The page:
Every startup wants to change the world, but DC-based incubator and seed fund1776fosters the type of early stage companies that just might have a chance.
The incubator is focused specifically on startups for the public good. You won’t find any benign photo sharing apps in 1776’s portfolio.
Instead, the incubator is looking for the next solution to traffic gridlock, or a breakthrough in testing water for unsafe chemicals.
The fund has helped launch companies like a data-driven service that helps obstetricians identify high-risk pregnancies, an app that uses crowdfunding to help raise money for teachers, and more.
These aren’t the glamorous startups depicted in films like “The Social Network,” but 1776 co-founders Evan Burfield and Donna Harris are confident the long-term impact these companies can have on society is potentially greater and just as monetizable.
In under two years, 1776 has fostered over 250 startups in broken, entrenched industries like education, energy and sustainability, healthcare, city planning, and transportation.
1776 provides office space, funding, and crucial connections to the fledgling companies, many of which must overcome immense bureaucratic and legislative hurdles to achieve success.
The incubator helps startups tackle these roadblocks by connecting founders with a “swat team” of support, including access over 2,000 lobbyists, public affairs gurus, and specialists who are focused on helping the company realise its vision.
“There’s a dark arts of public affairs that every major big corporation uses,” Evan Burfield says. “They all have a group of people who shape the rules, get around the rules, but most startups never have access to that.”
He explains that 1776 uses what they call “regulatory hacking” to help startups navigate “markets that don’t like to move.”
“If you’re going to fix the world you’re going to have to figure out how to figure out all this crap,” Burfield says of complicated regulation and procedures.
He explains that it’s not about blatantly ignoring what you might consider “bad legislation” and charging through no matter what. Many companies aren’t able to buck the rules without getting shut down. Instead, it’s important for startups to be able to deftly navigate murky legal waters in order to scale.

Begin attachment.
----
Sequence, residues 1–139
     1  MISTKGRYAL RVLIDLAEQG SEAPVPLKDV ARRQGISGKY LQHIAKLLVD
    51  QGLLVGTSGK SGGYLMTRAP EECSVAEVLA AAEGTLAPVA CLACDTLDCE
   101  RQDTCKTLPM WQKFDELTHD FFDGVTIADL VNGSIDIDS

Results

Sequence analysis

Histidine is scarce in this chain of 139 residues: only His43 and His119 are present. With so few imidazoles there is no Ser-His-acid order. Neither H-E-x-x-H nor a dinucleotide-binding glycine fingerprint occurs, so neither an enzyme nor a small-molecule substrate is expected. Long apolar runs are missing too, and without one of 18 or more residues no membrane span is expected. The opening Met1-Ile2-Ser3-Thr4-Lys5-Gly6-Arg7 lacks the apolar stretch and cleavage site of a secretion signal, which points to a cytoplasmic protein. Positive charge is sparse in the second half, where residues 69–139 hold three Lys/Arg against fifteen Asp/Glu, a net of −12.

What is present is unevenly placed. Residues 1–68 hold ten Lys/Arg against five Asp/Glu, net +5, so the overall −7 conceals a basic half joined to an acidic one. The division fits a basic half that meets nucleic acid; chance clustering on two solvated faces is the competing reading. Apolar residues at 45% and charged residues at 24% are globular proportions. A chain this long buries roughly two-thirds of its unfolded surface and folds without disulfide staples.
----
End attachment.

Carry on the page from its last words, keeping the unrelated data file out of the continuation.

For many startups in highly-regulated industries, it’s not just about understanding the laws, it’s about having access to connections that are able to shape them. Consequentially, 1776 benefits greatly from being in DC, where legislative connections run deep.
Industry connections are also important. A startup could have a groundbreaking idea for a medical device application, for example, but if the company can’t get its technology adopted within a network of hospital systems, their innovation could be fruitless.
Take startup 1EQ, for example. Early last year the startup entered the 1776 incubator program with a vision for how the internet of things would transform healthcare, but was having trouble getting off the ground. Rather than allow the company to waste more time painfully pitching its product to antiquated hospital boards, 1776 hooked 1EQ up with several prominent hospital groups to accelerate their beta testing process.
1EQ ended up refining its service, and in late 2014, announced a major pilot for its first product, BabyScripts, with MedStar, a non-profit healthcare organisation that operates more than 120 hospitals.
BabyScripts now allows obstetricians to provide expectant mothers with a wireless blood pressure cuff, wireless scale, and an app to guide expectant mothers through their pregnancy. BabyScripts then sends data back to the mother’s obstetrician so they can identify signs of high-risk pregnancy.
Burfield says healthcare is 1776’s single most active vertical and he sees enormous potential in the market, though they also make significant investments in many startups tackling education. And though 1776 is based in downtown Washington DC, its investments aren’t limited by geographic area.
The incubator hosts a global competition called the “Challenge Cup,” where Burfield and Harris scout promising companies to bring into their fold.
The competition takes place in 16 cities around the globe and winners from each city are brought to participate in 1776’s Challenge Festival, a weeklong competition in May that gives the startups an opportunity to pitch investors, meet with policymakers, and compete for funding.
So what kind of startup catches Burfield’s eye?
“We don’t do a lot for fashion startups,” he says. “But we’re pretty open.”
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